But, what choice does he have?

He has a wife and kid to take care of.

Therefore, he reluctantly takes the assignment.

Although Lloyd has done his research on Mister Rogers, he is surprised to discover that Mister Rogers has done his research on him also.

Therefore, when Lloyd shows up on the set of “Mister Rogers’ Neighborhood” looking like he jumped into the boxing ring with Mike Tyson, Mister Rogers begins asking questions about Lloyd’s life.

Instead of interviewing Mister Rogers, the beloved television personality really interviews Lloyd.

During their emotional interview sessions, Mister Rogers is able to break through the tough façade that Lloyd puts up, helping him repair relationships and his outlook on life in the process.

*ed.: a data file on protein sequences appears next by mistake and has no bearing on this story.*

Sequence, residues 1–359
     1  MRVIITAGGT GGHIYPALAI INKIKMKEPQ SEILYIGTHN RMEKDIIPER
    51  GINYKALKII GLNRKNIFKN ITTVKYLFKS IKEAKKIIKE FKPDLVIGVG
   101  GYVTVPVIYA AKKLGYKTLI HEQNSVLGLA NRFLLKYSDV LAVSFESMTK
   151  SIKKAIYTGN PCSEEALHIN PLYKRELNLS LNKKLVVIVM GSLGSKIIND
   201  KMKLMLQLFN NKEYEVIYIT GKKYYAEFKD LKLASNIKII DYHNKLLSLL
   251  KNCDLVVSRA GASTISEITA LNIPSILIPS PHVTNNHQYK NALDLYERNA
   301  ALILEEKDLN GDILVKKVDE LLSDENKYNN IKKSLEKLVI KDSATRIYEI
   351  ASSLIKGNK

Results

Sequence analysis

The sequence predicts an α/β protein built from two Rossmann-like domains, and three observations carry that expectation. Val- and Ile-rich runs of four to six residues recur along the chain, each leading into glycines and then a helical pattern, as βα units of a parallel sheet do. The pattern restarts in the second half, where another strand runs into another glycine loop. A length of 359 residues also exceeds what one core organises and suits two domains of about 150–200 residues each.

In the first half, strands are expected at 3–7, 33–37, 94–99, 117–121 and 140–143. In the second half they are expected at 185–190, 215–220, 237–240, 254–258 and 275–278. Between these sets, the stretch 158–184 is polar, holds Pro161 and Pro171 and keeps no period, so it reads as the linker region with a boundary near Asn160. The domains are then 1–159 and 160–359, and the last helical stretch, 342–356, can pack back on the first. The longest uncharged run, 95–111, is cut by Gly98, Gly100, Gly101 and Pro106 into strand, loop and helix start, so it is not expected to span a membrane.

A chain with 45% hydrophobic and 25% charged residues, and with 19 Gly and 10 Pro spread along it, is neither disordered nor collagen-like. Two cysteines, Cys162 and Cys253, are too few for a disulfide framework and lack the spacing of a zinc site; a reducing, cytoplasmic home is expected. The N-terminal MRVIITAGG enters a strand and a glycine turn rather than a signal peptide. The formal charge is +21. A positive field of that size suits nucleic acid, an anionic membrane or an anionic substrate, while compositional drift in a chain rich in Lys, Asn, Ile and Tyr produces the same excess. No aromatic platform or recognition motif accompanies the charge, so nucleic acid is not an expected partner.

“A Beautiful Day in the Neighborhood” is positive, forgiving and sometimes very peculiar.

Mister Rogers is such a good and kind person that he comes off as very weird in a world that does not value his attributes.

The world can probably relate more to Lloyd.

Although he has superficial success in life with his career, he does not have happiness.

Lloyd’s unhappiness stems from beef with his parents, which many people can relate to.

People can hold grudges for decades, even if the person that did them wrong makes an effort at reconciliation.

Furthermore, Lloyd is living proof that happiness and joy in life does not come from a job, money or a relationship.

If one has beef with a close family member, nothing can replace that person or their love in a person’s life.